We also climbed all over the abbey of Montmajour, a ruin now for the most part, but originally Carmelite and quite moving with its old cloister and deep crypt and burial places chipped out of solid rock (not very deep).
St Croix chapel near Montmajour
We are finding that the cooler weather allows us to do walking and climbing we would not do in the hot sun. So on Tuesday we visited the old town of Oppede. The town was high up a hill, necessary to be fortified against invaders, but as that need declined, people declined to climb so high each day. They made a new village on the flat and the old one rotted and fell. During and after WWII people decided to revitalise the village and now there is one section which has a hotel and lovely houses,
a later section which is ruined stone and a high section where a lovely church has been/is being restored, courtesy of the French Patrimony again. We walked to the church and I feel quite proud of myself, though getting down on slippery cobbles is not as easy as going up. Lovely views of the Luberon countryside as well.
I had wanted to revisit Fontaine de Vacluse, the site where the Sorgue river comes out of a massive spring, as last time we had not reached the source (think hot summer weather, droopy Lynn) Today we got there early in the day and walked to the top. The level of the river is higher than four years ago. Then we saw the river bursting out under rocks in the sides of the stream. Today those sources were mainly under the foaming, roaring waters that began in a “peaceful” pool whose force was only revealed by the rush of water over the rocks and down into the river. Not a chance if you fell in close to the edge, but in typically French fashion, a warning sign was all the protection you got. Anyway, I love it. Amazing stuff for the start of the river that runs through our little town in a myriad of energetic streams.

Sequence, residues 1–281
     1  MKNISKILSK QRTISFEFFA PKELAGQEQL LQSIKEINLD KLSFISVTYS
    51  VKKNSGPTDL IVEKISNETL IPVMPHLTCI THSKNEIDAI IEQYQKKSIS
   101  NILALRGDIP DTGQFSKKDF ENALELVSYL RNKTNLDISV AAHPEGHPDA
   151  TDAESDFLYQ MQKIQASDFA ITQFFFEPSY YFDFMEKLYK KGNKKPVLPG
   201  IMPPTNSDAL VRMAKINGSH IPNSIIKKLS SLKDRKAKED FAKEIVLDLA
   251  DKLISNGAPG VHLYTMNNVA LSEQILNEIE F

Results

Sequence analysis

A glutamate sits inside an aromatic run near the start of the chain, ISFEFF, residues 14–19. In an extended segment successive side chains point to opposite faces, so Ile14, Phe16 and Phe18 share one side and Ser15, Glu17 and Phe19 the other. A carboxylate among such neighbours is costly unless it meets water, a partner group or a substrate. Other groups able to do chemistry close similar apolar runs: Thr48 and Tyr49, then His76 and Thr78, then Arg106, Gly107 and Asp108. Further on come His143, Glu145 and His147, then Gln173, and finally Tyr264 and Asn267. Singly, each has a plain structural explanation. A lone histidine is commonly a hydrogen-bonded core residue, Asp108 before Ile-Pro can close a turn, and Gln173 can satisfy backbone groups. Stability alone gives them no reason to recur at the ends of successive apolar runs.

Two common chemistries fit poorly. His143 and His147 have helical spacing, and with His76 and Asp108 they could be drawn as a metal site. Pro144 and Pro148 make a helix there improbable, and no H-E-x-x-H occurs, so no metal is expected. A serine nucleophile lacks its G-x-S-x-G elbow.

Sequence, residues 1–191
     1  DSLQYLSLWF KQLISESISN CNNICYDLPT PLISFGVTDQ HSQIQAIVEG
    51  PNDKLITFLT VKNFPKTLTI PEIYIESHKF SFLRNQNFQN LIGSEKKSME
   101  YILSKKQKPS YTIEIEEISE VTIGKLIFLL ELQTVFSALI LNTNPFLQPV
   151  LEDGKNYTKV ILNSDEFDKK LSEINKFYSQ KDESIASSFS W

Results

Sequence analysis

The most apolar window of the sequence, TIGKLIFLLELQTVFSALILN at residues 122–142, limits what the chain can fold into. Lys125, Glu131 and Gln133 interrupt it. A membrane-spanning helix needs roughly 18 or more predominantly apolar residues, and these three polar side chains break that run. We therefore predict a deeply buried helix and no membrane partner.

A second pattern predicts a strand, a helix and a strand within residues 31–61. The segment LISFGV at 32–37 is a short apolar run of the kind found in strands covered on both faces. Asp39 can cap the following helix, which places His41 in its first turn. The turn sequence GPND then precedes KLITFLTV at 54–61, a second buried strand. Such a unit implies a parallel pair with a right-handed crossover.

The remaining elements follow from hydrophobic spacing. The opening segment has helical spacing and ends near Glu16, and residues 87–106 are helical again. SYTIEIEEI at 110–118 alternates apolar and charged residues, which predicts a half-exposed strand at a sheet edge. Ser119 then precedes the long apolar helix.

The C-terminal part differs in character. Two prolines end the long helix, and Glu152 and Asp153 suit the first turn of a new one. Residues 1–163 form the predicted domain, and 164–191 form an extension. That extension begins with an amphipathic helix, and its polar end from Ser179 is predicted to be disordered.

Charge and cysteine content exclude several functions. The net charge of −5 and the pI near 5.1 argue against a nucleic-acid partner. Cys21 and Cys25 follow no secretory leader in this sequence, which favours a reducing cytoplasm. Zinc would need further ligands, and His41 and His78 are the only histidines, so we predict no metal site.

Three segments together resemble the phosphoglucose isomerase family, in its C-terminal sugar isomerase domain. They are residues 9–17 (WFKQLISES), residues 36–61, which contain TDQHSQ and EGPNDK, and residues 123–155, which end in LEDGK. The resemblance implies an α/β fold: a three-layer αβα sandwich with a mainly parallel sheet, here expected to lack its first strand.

Massive water flows from the spring
We revisited Senanque Abbey which is always like a serene ship in a valley of lavender. The lavender not quite in bloom yet, and the sunflowers only just beginning in crops around.
Ended up in Roussillon which has many ochre pigments in the soil and all the houses coloured in shades or red and pink and yellow. Spent a great deal of time on a very nice terrasse consuming salad, ices and coffee and feeling like we had no particular place to go. Very addictive.
A revisit to Pont du Gard was certainly in order. I marvel at this structure, built to carry water to Avignon. It was the equivalent of the Millau Viaduct of its day. Now people walk over it and play in the waters under it. Groups of children were having kayak lessons, floating down the currents and over gentle rapids.
The seaside area of Sts Maries de la Mer also deserved a revisit as we were determined to see the flamingos that the area is noted for. There were many horses being ridden across the beaches and marshy areas and it turned out that a festival was on in town. This area is noted for its horses, horsemanship and cattle. We saw a few flamingos at a distance but not the flocks we had hoped for, alas! I did photograph the lovely set of lights along the beach boardwalk and a warning sign that tickled my sense of humour.
How to end a wonderful week? Good food seemed to be the answer so we took ourselves to a restaurant recommended by our host, the Restaurant sur la Quai. Located in a pretty garden at the back of an antiques shop, with some eclectic decoration such as grazing fibreglass cows, fountains and pergolas, we found to our surprise that there was a set menu, no choices. We were first served a cucumber gazpacho in cones of ice, standing in a glass, then pretty rouget adorned with tomatoes, herbs and purple potato crisps. The main course was a white fish fillet with rocket, adorned with truffle shavings and a buttery sauce, on mushrooms. To complete a pristine creme fraiche on a crumble base with peach sorbet and raspberries. Very good. I wonder how well patronised it would be in Australia?
Next stop is Moustiers St Marie so Nick can drive yet another gorge. Help!!